Can you ask/instruct a robot on shabbos to perform melacha on your behalf? Would this fall under the same category as amirah l'akum?

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    @msh210 I agree, though I support having them in the same question, as the second is potentially a detail of the first.
    – Isaac Moses
    Commented Dec 7, 2012 at 16:19
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    How is this different from using a timer or pushing a button?
    – Double AA
    Commented Dec 7, 2012 at 16:47
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    what @DoubleAA said. If we really want to go sci-fi, the question could spill out into "is a sentient android considered human for the purposes of agency in the Torah". It must be Friday.
    – yitznewton
    Commented Dec 7, 2012 at 17:00
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    Related and possible duplicate: judaism.stackexchange.com/questions/10358
    – HodofHod
    Commented Dec 7, 2012 at 17:39
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    @nikmasi How is speaking to the robot to make it do something any different from pressing buttons to make it do something?
    – Ariel
    Commented Dec 7, 2012 at 21:27

3 Answers 3


Rabbi Feinstein writes (Iggerot Moshe, Orach Chaim 4:60) that use of timers to automatically regulate machines to perform work forbidden to Jews on Shabbat is generally forbidden, with the exception of turning on and off lights. He believes that use of timers would severely disrupt the Shabbat atmosphere, since all of one’s work could be performed by machines. Rabbi Feinstein asserts that just as the Sages did not want, and therefore forbade our asking, non-Jews to perform work on our behalf on Shabbat for fear that this would disrupt the Shabbat atmosphere (see Rambam, Hilchot Shabbat 6:1) so too the Sages would not want machines to do work on our behalf during Shabbat. Rabbi Feinstein appears to be the lone authority to adopt this approach. 1

The consensus of authorities permits setting timers before Shabbat. It is similarly permissible to allow a website to sell goods on one's behalf on Shabbat.2

Apparently the consensus is that causing machines to work for us on Shabbat is not under the prohibition of amirah l'akum (instructing Gentiles). However, the use of a robot on Shabbat may still be forbidden for other reasons. For example, if it employs a microphone to listen for instructions, there are cases when use of a microphone is allowed, such as in hearing aids (Shemirat Shabbat Kehilchato, vol. 1, 34), and other cases in which it is forbidden, such as for recording or amplifying a performance (ibid. vol. 1, 28).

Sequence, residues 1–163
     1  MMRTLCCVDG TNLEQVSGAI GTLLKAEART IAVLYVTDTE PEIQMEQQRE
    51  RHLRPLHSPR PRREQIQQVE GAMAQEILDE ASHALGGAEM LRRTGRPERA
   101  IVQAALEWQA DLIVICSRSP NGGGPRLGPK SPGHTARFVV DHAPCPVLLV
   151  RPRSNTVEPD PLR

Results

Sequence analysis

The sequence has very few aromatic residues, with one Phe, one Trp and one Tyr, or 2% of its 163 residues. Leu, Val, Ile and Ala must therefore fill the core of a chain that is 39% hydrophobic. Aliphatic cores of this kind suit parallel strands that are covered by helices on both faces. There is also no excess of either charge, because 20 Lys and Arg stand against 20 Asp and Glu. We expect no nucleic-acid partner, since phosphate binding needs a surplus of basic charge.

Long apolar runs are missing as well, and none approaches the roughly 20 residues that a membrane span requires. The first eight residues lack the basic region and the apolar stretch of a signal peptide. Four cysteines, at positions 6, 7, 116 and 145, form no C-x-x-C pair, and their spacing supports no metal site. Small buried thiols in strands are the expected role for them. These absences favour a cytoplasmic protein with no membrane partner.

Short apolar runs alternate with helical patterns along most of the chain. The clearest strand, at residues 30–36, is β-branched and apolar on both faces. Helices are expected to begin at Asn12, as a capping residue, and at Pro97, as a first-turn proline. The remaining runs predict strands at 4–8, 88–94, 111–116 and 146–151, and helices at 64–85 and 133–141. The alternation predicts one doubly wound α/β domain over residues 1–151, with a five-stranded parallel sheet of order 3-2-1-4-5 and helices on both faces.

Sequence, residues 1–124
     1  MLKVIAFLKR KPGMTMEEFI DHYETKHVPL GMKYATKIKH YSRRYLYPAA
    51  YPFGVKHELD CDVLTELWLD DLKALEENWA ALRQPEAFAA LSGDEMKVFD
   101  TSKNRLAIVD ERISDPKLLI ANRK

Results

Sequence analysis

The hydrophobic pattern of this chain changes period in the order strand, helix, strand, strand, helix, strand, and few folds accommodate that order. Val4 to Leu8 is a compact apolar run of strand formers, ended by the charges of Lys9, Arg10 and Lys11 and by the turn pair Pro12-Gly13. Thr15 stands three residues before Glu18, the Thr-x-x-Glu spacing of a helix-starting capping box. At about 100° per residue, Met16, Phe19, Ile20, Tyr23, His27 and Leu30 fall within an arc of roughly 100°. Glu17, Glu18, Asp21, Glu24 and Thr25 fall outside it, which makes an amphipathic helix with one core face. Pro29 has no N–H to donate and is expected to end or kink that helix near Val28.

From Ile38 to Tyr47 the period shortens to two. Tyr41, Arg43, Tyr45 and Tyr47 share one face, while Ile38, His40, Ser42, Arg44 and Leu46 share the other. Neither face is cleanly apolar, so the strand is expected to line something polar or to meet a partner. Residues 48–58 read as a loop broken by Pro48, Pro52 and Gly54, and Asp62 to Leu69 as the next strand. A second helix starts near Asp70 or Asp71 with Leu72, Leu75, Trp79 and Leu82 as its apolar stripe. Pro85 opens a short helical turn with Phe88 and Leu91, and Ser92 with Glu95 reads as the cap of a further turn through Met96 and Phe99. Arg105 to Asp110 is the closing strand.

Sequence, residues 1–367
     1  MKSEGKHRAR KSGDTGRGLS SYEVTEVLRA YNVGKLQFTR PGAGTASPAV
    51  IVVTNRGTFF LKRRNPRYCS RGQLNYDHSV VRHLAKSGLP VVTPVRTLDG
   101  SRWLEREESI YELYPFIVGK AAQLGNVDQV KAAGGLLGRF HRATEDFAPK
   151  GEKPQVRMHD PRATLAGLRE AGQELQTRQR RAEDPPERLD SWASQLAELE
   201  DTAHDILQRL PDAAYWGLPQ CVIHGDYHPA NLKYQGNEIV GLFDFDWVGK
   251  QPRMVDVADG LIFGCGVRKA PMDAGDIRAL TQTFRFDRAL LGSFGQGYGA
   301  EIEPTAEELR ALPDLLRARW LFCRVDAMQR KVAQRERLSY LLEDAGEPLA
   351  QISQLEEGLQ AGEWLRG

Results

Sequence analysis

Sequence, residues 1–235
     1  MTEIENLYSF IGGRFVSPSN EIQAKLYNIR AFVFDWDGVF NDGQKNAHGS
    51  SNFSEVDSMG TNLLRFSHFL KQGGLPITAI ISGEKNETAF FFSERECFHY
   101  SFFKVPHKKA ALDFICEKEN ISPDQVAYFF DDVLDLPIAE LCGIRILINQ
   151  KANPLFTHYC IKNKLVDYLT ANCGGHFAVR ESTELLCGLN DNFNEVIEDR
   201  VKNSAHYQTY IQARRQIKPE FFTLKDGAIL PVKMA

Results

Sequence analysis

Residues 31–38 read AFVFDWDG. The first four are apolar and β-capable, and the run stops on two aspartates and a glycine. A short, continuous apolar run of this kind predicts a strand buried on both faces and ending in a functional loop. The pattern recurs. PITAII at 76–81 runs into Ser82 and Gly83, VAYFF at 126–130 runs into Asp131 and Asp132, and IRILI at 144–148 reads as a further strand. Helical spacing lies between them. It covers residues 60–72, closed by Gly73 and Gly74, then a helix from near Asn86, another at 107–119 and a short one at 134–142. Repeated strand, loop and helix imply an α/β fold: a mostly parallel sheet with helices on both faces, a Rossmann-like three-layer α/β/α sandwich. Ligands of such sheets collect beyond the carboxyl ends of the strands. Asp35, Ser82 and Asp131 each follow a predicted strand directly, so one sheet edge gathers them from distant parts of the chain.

Robots exist now that can act based on voice instructions. You can't tell such a robot to do melacha for you just like you can't indirectly cause any melacha. Additionally, we normally assume using electric devices is assur, and you are directly activating to one.

Ignoring the electric issue, what if the robots developed more advanced AI's so it was a separate agent which made your act of speaking less directly connected to the action it performed?

The gemara states one can acquire an animal by calling it to you (so it walks 4 amos), but not an eved, since it comes on it own free will. Assumably, a robot will be more like an animal since it is unlikely to have human-like free will. If the case by kinyan is parallel to shabbos, it should be assur to cause (through speech) animals or robots to do melacha on shabbos.

Also, it would definitely go against the spirit of shabbos, but probably is not included in amirah l'akum.

  • Are you suggesting that the robot would do a melacha for you on a gramma theory (i.e. indirectly)? Perhaps I could accept that on a yom tov, but on Shabbos? Under that theory, could I buy a "clapper" device for my lights and turn them on and off indirectly by clapping my hands? I would think that machines, robots included, are limited to the same extent as an eved with regard to performing melachas on Shabbos. Also, I don't think that you can compare kinyan with an animal to melacha since the Torah commands us to rest our animals on Shabbos. Commented Jan 8, 2013 at 17:12

Robots have no free will (just like animals) and I remember seeing a Teshuva which says you can't tell animals to do Melacha for you on Shabbat.

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    A teshuva? How about a pasuk?
    – Double AA
    Commented Feb 20, 2013 at 4:19
  • Oops! There was some special exception in the Teshuva that made it special. Commented Feb 20, 2013 at 4:40

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